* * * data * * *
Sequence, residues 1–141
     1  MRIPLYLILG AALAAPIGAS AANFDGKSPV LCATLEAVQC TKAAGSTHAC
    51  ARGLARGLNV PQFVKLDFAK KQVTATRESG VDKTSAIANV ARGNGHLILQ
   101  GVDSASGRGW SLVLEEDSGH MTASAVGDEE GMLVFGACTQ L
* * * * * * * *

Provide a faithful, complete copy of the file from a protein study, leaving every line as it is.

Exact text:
Sequence, residues 1–141
     1  MRIPLYLILG AALAAPIGAS AANFDGKSPV LCATLEAVQC TKAAGSTHAC
    51  ARGLARGLNV PQFVKLDFAK KQVTATRESG VDKTSAIANV ARGNGHLILQ
   101  GVDSASGRGW SLVLEEDSGH MTASAVGDEE GMLVFGACTQ L